We stroll along together for more than an hour.  Stop for a cup of coffee.  Awet offers to pay although I don’t let him.  I get a vegetable skewer.  Offer to buy him one.  He declines.  He leads me to the perfect hotel, in the perfect location.  A hotel that charges twenty dollars a night and offers an all you can eat vegan buffet lunch with vegetables they say they grow organically for the price of three dollars - and the same for dinner, for four dollars - and where I book a room.  Then I go with Awet to a travel agent to try to book tickets to Lalibela or Gondar for the upcoming Epiphany weekend, but all the flights are literally booked, I talk with the airlines reservation desk myself, so instead I book two day trips as an alternative – car and driver –for a modest price (what is going on here?) and the travel agent finds me the cheapest airfare to Dakar that he can find on line, turns the computer screen to me so I can enter my own credit card and flight information, and charges me nothing.  Hello?  I invite Awet to join me on the day trips – there will be no extra charges – and he accepts.  We wander some more.  I say I want to stroll for a while before returning to my hotel and Awet looks sad.
         “Must I leave now,” he asks.  
         I say I am going to look for a cab.  He says, “I will join you.”  We are crossing a busy street and when I get to the other side Awet is nowhere to be seen or found.
         Back at my hotel, strictly on impulse, I drop into a neighborhood pub and restaurant.  I’m not particularly hungry, but a beer would be nice.  On the floor of the pub one of the waitresses is seated on a low stool roasting green coffee beans in a flat pan over a small wood fueled iron stove resting on the wooden bar floor.  The smell is intoxicating.  After the beans are freshly roasted she grinds them.  Then she puts them in a ceramic coffee pot and pours boiling hot water over them.  She adds water from time to time to the steaming pitcher-shaped pot with the very long spout.  She pours coffee from the pot into a small espresso cup, swirls the coffee around, and smells it.  She pours the coffee back into the pot.  She repeats this process of adding small amounts of water and pouring out and back small amounts of coffee into the pot more than dozen times.  The process takes well over fifteen minutes.  I’m mesmerized.  The ambiance in the bar is lovely.  People come in and out often.  Peanut sellers cruise in to see if there are any buyers among the throng.  I order a draft beer.  I buy some peanuts.  The coffee is finally done.  The waitress pours it out into a dozen espresso cups packed tightly onto a tray.  She carries the tray over to me and offers me the first cup.  Maybe it’s the beer or the atmosphere in the bar, but it is the best cup of coffee I’ve ever had.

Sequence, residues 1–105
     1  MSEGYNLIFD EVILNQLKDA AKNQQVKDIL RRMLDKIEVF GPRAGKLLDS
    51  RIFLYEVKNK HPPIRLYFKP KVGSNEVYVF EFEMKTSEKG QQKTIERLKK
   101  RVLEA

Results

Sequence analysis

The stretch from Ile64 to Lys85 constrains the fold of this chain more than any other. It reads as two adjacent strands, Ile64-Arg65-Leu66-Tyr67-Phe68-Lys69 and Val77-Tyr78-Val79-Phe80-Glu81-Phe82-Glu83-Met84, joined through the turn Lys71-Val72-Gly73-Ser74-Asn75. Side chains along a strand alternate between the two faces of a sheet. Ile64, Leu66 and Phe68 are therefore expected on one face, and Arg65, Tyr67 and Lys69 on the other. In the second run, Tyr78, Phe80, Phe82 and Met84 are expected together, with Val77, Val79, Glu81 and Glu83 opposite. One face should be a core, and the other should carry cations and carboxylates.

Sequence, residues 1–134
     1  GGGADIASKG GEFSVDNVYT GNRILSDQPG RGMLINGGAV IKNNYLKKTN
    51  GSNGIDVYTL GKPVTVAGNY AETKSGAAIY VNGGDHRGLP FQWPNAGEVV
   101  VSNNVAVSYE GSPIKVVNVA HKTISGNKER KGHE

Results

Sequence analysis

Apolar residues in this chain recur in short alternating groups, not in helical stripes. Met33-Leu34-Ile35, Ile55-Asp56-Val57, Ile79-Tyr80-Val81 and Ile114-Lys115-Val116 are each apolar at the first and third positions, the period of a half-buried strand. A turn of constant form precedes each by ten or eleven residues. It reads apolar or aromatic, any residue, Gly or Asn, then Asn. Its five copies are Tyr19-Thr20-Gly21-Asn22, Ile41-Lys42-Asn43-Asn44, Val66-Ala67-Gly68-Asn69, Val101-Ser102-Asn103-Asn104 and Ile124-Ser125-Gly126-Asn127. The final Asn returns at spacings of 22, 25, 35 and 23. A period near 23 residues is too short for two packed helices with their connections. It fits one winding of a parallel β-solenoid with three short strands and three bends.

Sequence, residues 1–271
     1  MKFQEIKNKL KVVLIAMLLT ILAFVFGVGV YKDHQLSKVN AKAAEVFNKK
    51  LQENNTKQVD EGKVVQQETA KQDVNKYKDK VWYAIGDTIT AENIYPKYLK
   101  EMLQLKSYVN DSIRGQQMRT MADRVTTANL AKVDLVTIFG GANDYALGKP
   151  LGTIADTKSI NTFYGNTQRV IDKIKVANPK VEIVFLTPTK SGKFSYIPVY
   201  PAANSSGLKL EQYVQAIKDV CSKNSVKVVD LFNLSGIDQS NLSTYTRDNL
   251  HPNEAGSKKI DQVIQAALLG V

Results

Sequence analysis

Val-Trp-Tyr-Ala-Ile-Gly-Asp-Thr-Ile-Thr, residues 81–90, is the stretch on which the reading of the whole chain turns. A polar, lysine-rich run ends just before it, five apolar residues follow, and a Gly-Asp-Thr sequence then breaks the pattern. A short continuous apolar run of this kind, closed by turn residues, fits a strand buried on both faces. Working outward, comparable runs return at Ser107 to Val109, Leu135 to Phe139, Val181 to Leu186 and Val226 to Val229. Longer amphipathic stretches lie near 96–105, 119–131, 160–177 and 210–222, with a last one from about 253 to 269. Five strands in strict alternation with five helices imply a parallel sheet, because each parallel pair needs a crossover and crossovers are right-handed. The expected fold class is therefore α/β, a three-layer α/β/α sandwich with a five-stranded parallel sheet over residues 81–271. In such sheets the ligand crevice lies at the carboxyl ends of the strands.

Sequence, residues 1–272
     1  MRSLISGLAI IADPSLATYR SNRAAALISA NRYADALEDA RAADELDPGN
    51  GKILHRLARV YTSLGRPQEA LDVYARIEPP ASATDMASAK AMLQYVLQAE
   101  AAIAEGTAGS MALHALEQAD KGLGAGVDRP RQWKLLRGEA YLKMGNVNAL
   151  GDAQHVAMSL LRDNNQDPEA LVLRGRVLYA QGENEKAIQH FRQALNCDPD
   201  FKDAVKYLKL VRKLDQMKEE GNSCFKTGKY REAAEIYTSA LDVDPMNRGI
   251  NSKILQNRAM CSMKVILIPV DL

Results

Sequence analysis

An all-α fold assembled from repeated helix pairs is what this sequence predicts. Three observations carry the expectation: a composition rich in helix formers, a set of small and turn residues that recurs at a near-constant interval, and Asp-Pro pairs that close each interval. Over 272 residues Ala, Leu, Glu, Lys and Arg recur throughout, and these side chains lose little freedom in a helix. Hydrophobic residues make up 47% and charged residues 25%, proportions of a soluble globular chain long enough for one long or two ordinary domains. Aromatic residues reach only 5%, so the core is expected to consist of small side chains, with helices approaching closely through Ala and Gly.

I notice two men at the next table eating a salad that looks delicious.  They tear off pieces of freshly made injeera, the national bread of Ethiopia, something like a sour airy tortilla, hold it between their thumb and first two or three fingers and use it to grasp a considerable amount of salad that they then stuff in their mouths.  It’s just like eating with your fingers, except the injeera rests between your fingers and the food, sort of like grasping your food with a very flat pancake.  One of the men sees me staring at him eating.  He tears off a piece of the injeera, grasps a substantial amount of salad with the injeera between his fingers, stands up, walks over to the table where I’m seated and offers me the raw salad grasped in his fingers that have already been in his mouth while eating.  I feel I have no choice other than to accept, and, laughing good naturedly, I reach out to take the injeera enfolded salad from him,but he pushes my hand away and puts the whole handful into my mouth himself, as if feeding a child.  The bar is aware of what is happening.  People are laughing and clapping.  I say thank you.  Maybe it’s the beer or the ambiance but it is just a fantastically delicious salad, smothered with fresh garlic, bits of very hot green pepper, lettuce, tomatoes, onions, carrot.  He takes another handful and puts it in my mouth.  I wave no more to him, but the potentially germ laden deed is done.  It’s straight to the antibiotics for me, prophylactically of course.  And since I’ve gone off the deep end, and the salad tastes so good, and I’ve had nothing but pasta, meat, bananas and beer for days, what the hell, I order a salad.  When it arrives I tear off a piece of the injeera and grasp a bunch of salad with it.  I walk over to the man’s table and offer it to him.  He has no choice but to accept and the bar is cheering as I put the salad in his mouth. 
         After eating my salad a waitress walks around the restaurant with a big metal pizza sized tray filled with freshly popped popcorn.  She stops at each table and offers popcorn to the patrons of the bar, most of who scoop up big handfuls to eat, as do I. 
         When I finally go to pay my bill at the cashier’s I tell her I had one beer, one salad, and one coffee.  She says the coffee was free.  The beer and the salad cost less than a dollar and a quarter, and while I have no idea what else may be the cost, I go to my hotel room ridiculously happy. 
         And, of course,I start the Cipro.